Arts of Native America
American Indian Sculpture


[Cliff Fragua Sculpture] [Caroline Carpio Sculpture] [Mark Fischer Sculpture] [Jill Shwaiko Sculpture]

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Four  of today's top Native American sculptors are proudly featured at River Trading Post.  Each with a distinctive style, each with a deep expression for what he or she sees and feels.  We believe that you will enjoy traveling through our outstanding and diverse collection of fine Native American sculpture.
Please click on the artist's photo to view the artist's gallery.

Please Note: To purchase any sculpture, please call us toll free at 866-426-6901, as many are not available for purchase directly from our website.

Cliff Fragua - Jemez Pueblo
IACA Artist of the Year, 2005

  Since 1974, when he created his first stone sculpture, Cliff Fragua has created a significant body of work that continues to evolve with the artist's new influences and new interests.  He has won many awards, including Best of Category at the Indian Arts and Crafts Association Show in Denver, Colorado (1997); First Award in Marble Category at the SWAIA Annual Indian Market in Santa Fe, New Mexico (1996); People's Choice Award at the Ray Tracey Gallery in Santa Fe, New Mexico (1996); and the Wheelwright Museum Award for Excellence in Sculpture at the SWAIA Annual Indian Market in Santa Fe, New Mexico (1995).His sculptures are featured in such places  as the Albuquerque International Airport and in permanent collections throughout the country.  He recently was commissioned to create a monumental sculpture that will be displayed in the U.S. Capitol Building in Washington, D.C.

Cliff was named Artist of the Year for 2005 by the Indian Arts and Crafts Association, and won best of division at the 2005 Heard Museum Indian Show.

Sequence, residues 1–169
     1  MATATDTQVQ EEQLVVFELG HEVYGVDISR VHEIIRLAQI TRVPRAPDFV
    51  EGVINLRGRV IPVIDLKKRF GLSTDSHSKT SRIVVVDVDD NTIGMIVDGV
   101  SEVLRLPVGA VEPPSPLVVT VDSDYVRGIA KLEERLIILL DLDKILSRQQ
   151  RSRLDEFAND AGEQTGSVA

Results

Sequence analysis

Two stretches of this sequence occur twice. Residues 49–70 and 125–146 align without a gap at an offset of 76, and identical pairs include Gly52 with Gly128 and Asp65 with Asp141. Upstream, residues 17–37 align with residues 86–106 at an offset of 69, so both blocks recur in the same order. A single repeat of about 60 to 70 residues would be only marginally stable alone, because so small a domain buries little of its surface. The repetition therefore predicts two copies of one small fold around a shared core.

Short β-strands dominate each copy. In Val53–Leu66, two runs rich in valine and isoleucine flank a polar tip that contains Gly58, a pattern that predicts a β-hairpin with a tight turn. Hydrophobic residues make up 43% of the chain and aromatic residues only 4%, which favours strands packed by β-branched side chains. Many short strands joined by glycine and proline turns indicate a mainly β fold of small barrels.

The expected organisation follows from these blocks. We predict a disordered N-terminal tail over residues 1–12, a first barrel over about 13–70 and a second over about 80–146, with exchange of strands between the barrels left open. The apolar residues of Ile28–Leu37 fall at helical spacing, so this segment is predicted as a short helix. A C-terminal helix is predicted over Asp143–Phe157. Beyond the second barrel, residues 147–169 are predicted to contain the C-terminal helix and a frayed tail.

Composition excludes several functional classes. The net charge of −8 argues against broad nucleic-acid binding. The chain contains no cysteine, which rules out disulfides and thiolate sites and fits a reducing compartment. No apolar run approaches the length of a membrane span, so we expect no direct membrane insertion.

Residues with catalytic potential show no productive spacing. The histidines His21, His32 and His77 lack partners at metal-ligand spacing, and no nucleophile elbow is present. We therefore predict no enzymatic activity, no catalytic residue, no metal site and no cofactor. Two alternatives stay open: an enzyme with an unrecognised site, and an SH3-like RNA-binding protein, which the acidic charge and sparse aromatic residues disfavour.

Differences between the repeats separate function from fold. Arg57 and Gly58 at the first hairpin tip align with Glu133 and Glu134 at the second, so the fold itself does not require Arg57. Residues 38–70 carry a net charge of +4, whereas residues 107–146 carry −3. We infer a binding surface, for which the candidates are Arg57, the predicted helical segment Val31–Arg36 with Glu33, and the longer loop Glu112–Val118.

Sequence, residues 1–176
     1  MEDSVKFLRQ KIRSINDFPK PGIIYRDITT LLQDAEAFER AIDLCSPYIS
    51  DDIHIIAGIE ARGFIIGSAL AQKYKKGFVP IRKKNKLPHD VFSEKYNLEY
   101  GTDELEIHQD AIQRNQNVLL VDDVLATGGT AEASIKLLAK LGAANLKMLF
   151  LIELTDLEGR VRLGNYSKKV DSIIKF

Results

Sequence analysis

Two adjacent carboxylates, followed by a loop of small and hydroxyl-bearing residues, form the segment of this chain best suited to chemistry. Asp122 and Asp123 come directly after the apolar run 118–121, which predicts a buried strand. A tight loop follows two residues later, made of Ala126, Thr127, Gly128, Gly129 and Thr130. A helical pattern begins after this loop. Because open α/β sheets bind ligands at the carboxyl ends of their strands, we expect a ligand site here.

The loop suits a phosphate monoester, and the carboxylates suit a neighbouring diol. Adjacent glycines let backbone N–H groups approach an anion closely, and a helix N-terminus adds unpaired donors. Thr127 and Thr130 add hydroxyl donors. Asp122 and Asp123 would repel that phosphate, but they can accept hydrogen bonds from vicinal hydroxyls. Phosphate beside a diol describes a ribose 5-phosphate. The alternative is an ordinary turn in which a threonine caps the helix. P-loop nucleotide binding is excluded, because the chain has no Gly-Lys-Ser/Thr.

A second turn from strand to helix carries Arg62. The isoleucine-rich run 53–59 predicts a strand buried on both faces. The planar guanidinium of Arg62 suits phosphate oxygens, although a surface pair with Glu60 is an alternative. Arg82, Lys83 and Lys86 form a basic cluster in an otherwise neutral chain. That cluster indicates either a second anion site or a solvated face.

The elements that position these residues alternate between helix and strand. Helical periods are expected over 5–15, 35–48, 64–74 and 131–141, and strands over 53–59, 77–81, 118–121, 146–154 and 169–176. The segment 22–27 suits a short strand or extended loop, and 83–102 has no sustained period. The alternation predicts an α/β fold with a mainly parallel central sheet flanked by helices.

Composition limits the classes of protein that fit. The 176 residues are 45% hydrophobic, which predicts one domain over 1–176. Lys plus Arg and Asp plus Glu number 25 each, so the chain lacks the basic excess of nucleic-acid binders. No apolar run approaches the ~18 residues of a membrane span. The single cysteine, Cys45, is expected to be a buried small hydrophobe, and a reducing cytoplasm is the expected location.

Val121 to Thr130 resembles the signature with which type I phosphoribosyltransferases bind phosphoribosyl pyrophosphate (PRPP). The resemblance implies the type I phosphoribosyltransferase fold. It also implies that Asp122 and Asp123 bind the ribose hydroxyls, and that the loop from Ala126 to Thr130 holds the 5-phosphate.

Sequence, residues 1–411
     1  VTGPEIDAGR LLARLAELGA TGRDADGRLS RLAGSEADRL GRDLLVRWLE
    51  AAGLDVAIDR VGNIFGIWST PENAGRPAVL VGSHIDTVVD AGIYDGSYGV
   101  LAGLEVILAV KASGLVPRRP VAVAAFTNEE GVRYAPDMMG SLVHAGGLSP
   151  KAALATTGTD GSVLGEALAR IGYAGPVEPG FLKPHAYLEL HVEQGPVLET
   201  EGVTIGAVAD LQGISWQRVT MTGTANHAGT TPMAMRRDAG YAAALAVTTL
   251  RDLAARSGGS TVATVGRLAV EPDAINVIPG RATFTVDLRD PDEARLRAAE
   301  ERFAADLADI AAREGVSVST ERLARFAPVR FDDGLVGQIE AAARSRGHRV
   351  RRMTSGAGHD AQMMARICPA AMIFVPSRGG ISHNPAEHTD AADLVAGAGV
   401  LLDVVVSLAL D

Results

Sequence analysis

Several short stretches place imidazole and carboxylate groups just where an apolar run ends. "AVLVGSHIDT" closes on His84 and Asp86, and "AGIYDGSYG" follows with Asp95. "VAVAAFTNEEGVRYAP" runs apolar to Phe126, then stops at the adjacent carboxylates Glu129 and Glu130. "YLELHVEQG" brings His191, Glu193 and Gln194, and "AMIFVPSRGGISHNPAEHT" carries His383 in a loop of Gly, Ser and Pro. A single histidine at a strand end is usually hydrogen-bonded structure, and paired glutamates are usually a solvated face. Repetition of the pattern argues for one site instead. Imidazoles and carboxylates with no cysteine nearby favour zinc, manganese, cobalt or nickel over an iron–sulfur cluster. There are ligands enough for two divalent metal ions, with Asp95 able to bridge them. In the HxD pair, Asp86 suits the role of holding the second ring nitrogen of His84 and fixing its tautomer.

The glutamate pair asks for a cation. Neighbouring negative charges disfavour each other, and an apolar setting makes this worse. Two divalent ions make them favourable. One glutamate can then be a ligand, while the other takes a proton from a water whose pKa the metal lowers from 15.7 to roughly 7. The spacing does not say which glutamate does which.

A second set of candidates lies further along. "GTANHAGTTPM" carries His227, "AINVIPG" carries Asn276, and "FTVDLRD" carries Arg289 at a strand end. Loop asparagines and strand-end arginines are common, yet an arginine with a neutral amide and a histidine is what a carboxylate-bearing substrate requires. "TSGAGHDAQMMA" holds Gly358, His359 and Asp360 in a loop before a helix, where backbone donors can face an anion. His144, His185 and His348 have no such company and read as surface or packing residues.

Caroline Carpio - Isleta Pueblo
IACA Artist of the Year, 2012

Caroline Lucero-Carpio is from Isleta Pueblo, NM.  Her Tiwa name is Thud-bese, meaning Sun Tablita

Her native culture is an articulation of prayer and celebration; expressed in her language, songs, dances, creation of art, and most importantly, her way of living.

Caroline's traditional upbringing and contemporary expression of who she is today is voiced through her artwork.  "At times, my sculptures are a reflection of my inner prayers and other times, it is the stories of our ancestors that inspire a new vision.  I would like my work to preserve a story and educate who we are many generations from now."

Among her top honors have been being selected as one of the recipients for the 2000 SWAIA Fellowship.  In 2001, Caroline was invited to do an artist-in residence for The Takeo Region International Art and Cultural Exchange Program in Takeo, Japan.

Mark Fischer - Green Bay Oneida

Mark is a contemporary sculptor and a member of the Oneida Nation of Green Bay, Turtle Clan.  He was involved in Native American education for 12 years and was instrumental in establishing several Native American scholarships for Wisconsin colleges.

Marks designs are inspired by ancient Woodland petroglyphs and pictographs that celebrate nature, gender, Native art and culture.  The sculptures are hand cut cut copper that is welded in silver, then air brushed with a patina finish to enhance the copper's natural aging process.  Select pieces are imbelished with deer hide, antlers, traditionally wrapped antique trade beads and horse hair.

"It is said that ancient nations did not have a written language, but if you look, you will see they have left messages all over our nation.  It is an honor to share these non-verbal messages through my art." - Mark Fischer.

Jill Shwaiko

Jill ShwaikoJill Shwaiko has studied the art of the ancients for years.  She expresses the ancients in a warm, friendly and humourous way through her bronze sculptures, oil paintings and limited edition wall art. 

Though not of American Indian origin, Jill's work truly expresses the art of the Ancient People.

"One of the best understandings that the historians have of why the native peoples spent hours pecking a drawing of a sheep into rock is that they were calling the soul of the sheep to them. There are rock drawings of human figures, animals and objects in the natural world such as suns, mountains etc. Rock drawings/petroglyphs are found all around the world; reflecting mankind's history and connection to both the physical and spiritual world." - Jill Shwaiko